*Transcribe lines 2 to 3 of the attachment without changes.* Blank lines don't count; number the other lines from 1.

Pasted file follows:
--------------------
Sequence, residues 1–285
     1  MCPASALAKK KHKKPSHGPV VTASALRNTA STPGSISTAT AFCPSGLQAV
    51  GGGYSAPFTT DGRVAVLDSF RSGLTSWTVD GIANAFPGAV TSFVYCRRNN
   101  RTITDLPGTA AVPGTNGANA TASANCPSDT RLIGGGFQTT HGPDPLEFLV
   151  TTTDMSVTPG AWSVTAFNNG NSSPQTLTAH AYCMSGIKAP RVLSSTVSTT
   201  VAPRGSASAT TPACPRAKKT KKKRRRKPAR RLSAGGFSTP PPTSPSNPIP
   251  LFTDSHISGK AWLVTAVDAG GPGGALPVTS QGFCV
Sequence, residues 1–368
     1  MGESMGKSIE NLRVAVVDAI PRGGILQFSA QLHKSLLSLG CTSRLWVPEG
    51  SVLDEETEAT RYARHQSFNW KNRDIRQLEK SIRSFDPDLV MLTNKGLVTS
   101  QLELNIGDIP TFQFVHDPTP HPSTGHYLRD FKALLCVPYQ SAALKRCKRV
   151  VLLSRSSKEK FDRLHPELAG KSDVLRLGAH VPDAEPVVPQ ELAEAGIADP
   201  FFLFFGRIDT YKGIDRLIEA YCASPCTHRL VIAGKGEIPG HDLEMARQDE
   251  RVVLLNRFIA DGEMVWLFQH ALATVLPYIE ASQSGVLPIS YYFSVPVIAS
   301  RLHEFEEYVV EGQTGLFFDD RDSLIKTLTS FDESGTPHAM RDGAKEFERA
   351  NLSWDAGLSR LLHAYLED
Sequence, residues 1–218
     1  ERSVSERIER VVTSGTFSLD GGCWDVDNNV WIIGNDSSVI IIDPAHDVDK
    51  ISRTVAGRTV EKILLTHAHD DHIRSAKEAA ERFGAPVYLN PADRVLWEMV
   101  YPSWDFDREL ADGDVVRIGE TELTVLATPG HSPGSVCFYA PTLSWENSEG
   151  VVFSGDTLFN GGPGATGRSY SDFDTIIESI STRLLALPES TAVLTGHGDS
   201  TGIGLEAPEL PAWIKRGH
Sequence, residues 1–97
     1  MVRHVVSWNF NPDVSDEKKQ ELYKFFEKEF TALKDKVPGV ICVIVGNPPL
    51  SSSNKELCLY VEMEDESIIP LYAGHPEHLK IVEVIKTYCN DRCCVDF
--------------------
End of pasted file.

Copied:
     1  MCPASALAKK KHKKPSHGPV VTASALRNTA STPGSISTAT AFCPSGLQAV
    51  GGGYSAPFTT DGRVAVLDSF RSGLTSWTVD GIANAFPGAV TSFVYCRRNN